Mr Hemming was concerned that children suffer long-term harm as a result of being seperated
Former MP John Hemming said there is evidence that parents are afraid to take sick babies to hospital in case they are taken away.
Mr Hemming said he is concerned that children suffer long-term harm as a result of being separated, even in cases where they return home after investigations show the parents have done nothing wrong.
He wants social services staff and family court judges to find ways of keeping parents and children together while investigations are carried out.
I fear that it is too easy to ask for judges to place babies into foster care while investigations are carried out in situations where parents turn up at hospitals with concern
John Hemming, former Liberal Democrat MP
Mr Hemming has raised concerns after being alerted to a case in which a four-week-old baby was placed in temporary foster care after his parents took him to hospital as a result of becoming concerned because he had developed a twitch.
He said the case – now the subject of family court litigation – highlighted a wider problem.
"I fear that it is too easy to ask for judges to place babies into foster care while investigations are carried out in situations where parents turn up at hospitals with concerns," said Mr Hemming a former Liberal Democrat MP who set up a Justice for Families support group.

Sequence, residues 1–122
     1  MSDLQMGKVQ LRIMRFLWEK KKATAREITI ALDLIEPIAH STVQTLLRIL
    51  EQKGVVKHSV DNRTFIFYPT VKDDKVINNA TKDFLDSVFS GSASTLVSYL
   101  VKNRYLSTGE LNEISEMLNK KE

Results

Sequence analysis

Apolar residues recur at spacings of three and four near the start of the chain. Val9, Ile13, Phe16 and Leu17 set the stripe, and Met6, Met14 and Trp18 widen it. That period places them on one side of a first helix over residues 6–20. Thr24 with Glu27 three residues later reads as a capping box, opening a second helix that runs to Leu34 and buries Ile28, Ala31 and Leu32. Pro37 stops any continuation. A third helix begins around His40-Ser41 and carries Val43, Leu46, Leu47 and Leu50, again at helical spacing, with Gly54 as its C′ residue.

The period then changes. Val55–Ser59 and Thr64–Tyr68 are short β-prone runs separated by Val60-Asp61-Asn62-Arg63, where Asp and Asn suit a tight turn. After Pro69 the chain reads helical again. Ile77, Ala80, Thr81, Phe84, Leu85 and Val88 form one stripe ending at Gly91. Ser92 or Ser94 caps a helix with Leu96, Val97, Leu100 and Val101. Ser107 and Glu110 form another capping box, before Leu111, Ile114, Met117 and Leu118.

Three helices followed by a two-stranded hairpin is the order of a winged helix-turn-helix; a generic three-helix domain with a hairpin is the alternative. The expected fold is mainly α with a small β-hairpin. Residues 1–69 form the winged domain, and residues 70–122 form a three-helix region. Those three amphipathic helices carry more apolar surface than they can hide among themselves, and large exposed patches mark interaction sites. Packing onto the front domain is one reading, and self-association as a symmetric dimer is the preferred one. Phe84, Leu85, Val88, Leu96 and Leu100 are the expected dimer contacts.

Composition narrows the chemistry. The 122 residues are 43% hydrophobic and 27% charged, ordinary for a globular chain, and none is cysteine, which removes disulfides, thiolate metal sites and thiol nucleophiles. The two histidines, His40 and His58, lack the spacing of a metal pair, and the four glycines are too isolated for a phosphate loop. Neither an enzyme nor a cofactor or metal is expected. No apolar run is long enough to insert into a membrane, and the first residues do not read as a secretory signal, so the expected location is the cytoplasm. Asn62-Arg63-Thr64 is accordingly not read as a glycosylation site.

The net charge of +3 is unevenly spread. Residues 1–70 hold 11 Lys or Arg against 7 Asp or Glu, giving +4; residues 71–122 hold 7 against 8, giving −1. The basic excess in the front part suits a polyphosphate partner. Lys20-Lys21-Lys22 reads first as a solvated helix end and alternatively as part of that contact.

Mr Hemming has raised concerns after being alerted to a case
"I know people are worried about taking babies to hospital in case they are suspected of abuse.
"Of course there must be investigations, but professionals need to find ways of keeping families together and putting safeguards in place while investigations are carried out.
"Judges could make orders saying relatives must stay with parents, order health visitors to make regular checks, give social workers the right to make unannounced visits, order parents to make regular visits to GPs – something similar to the imposition of bail conditions.
"Many parents would agree to that and wouldn't feel as though they were being branded as abusers. It would lessen the antagonism people naturally feel and lessen the risk of local authorities being sued for human rights breaches.
"My worry is that babies suffer long-term damage purely as a result of being separated from parents and placed with foster carers for months.
Mr Hemming set up a Justice for Families support group
"This latest case is a classic example. A couple take a baby to hospital because he has developed a twitch. Doctors find something that concerns them and the baby goes into temporary foster care.
"The baby is now with strangers. The mother can't breast feed him. The parents' lives have suddenly been turned upside down.
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"But there are family members who could move in to provide a safeguard – and the parents would agree to all sorts of safeguards being put in place while the investigations continue.
"Recently I was made aware of another case in which a baby experienced several different foster placements in a matter of months. That can't be good.
"Sometimes babies get sick and loving parents do nothing wrong. We must find ways of minimising harm caused to families."